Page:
Amma’s been walking around for four days with a green blob on her head. We didn’t say anything or even look that hard at it because Amma is our third child. If seven-year old Chase had entered my presence with a green blob on his head I’d have gasped and scrubbed him down with an organic wipe and grilled him about the source of the green blob and googled the source to ensure that there were no toxic materials in the creation of the green blob source and then, for good measure, I probably would have taken him to the pediatrician. Just in case. In a million years, I’d never have let Chase walk around in public all green blobby.
But the thing is that every subsequent child I have feels less and less like a reflection of me. Chase is an upstanding citizen, officially. So I can push him out front of the family and say to the world: Look! I made at least one reasonable one. This child is proof that I can make decent people. As for the rest of these cats…well, I certainly cannot be held responsible for all of them. We call those two “free spirits.” This phenomenon is the reason the further a child is from firstborn the less and less neurotic she is. Because we parents aren’t trying to prove ourselves through them quite as desperately—so they’re freer to be themselves instead of mom and dad’s trophy. I think it was Kelly Ripa who said kids are like pancakes: you kinda screw up the first one but the rest turn out okay. Love you forever, Chase. Sorry about all that. “Smile and say hello, Chase. Eye contact please. Wipe your nose.” “But mom—Amma’s cursing and crawling across the street naked and she appears to have gotten yet another tattoo.” Chase! Eye contact! Use your manners!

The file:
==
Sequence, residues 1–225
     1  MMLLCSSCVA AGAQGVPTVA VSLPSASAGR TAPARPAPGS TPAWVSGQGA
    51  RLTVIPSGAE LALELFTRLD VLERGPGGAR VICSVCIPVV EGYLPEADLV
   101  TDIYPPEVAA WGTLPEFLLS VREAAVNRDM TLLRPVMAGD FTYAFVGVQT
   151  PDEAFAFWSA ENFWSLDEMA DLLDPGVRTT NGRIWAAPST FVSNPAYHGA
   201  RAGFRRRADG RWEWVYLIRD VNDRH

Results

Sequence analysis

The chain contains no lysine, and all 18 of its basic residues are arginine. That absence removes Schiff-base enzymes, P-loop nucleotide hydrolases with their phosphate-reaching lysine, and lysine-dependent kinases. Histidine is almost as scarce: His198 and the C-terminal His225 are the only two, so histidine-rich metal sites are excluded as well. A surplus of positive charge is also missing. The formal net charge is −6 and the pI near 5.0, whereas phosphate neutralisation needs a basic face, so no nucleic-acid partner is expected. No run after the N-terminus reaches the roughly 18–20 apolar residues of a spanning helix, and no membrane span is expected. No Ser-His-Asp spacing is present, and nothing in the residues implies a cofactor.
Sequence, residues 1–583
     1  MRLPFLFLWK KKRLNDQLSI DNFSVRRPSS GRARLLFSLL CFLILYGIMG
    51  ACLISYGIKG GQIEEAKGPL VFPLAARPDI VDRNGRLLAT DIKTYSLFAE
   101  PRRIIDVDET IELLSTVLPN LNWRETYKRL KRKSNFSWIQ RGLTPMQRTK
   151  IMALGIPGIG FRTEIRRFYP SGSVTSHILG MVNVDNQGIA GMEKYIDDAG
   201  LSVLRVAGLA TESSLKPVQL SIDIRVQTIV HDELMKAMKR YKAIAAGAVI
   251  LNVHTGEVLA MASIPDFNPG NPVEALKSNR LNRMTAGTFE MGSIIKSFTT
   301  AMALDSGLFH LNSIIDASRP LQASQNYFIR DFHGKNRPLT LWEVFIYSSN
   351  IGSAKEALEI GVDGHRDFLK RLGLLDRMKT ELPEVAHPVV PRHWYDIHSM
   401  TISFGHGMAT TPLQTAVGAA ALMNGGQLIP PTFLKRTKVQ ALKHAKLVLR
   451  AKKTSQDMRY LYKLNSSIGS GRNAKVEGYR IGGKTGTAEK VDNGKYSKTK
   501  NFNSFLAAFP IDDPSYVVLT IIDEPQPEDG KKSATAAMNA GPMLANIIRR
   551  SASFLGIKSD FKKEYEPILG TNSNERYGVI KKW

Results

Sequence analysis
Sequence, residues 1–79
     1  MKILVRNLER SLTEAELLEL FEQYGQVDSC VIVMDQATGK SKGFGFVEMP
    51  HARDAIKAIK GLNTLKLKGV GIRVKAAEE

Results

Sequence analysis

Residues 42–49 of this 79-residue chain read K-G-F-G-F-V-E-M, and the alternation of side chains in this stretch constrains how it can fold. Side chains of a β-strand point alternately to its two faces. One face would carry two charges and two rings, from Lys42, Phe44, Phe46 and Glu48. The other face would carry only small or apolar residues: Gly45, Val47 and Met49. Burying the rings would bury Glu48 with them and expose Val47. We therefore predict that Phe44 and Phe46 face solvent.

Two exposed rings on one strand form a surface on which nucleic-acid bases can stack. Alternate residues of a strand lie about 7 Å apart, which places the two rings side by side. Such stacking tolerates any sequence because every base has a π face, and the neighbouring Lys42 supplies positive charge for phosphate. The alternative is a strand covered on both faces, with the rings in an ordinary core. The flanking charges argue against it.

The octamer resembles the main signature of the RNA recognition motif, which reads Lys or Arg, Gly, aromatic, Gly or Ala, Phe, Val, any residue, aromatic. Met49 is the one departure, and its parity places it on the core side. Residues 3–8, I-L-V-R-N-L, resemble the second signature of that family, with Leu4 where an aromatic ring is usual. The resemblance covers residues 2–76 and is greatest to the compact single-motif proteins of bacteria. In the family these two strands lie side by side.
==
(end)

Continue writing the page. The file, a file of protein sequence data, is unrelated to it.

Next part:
Anyway—like I said, Amma’s been green for four days. I kept thinking the green would fade but every morning it somehow seems fresher, brighter. So this morning I made her take a shower, because desperate times call for desperate measures. When she got out of the shower I noted that the green was gone and I dried her off in her snuggly towel and sent her off to her room to get dressed. Five minutes later Amma walked back into the kitchen with A NEW GREEN BLOB ON HER HEAD.
On no, she didn’t, I thought. I SHOWERED THAT CHILD. I WANT PUBLIC CREDIT FOR THE SHOWER.
So I said, “Sister. I give up. What’s going on with the green blob?”
And she looked up at me and said, “I’m a CHILD OF GOD, mom.” She pointed to her forehead and said, “My green is to Remember. So I can be brave.”
You guys. She’s marking herself. She’s recreating Ash Wednesday every morning. She’s making herself a SACRAMENT, which is an outward reminder of an invisible truth. Every morning she’s saying to herself and the world: I’m GOD’S. SO I CAN BE BRAVE.
Most Repeated Phrase in the Bible: FEAR NOT.
Awesome, God. Easy for you to say. But we’re afraid all the time. HOW DO WE FIGHT OUR FEAR?
Second most repeated phrase in the Bible: REMEMBER.
Fear Not By Remembering that YOU ARE A CHILD OF GOD. And as such you are free to dream and risk and love and fail and lose and rest and try again, forever. A child of God’s birthright is: Forever Tries.
Do whatever it takes to remember that you’re a child of God, friends. Paint it above your door, tie it to your wrists, stamp it on your forehead: I AM A CHILD OF GOD. And then remember the flip side of that brilliant, life-saving truth: So is everyone else.
As you walk around today, imagine that every single person you meet has a green blob smack dab in the center of her forehead. Then treat her accordingly.
Author of the #1 New York Times Bestseller LOVE WARRIOR — ORDER HERE
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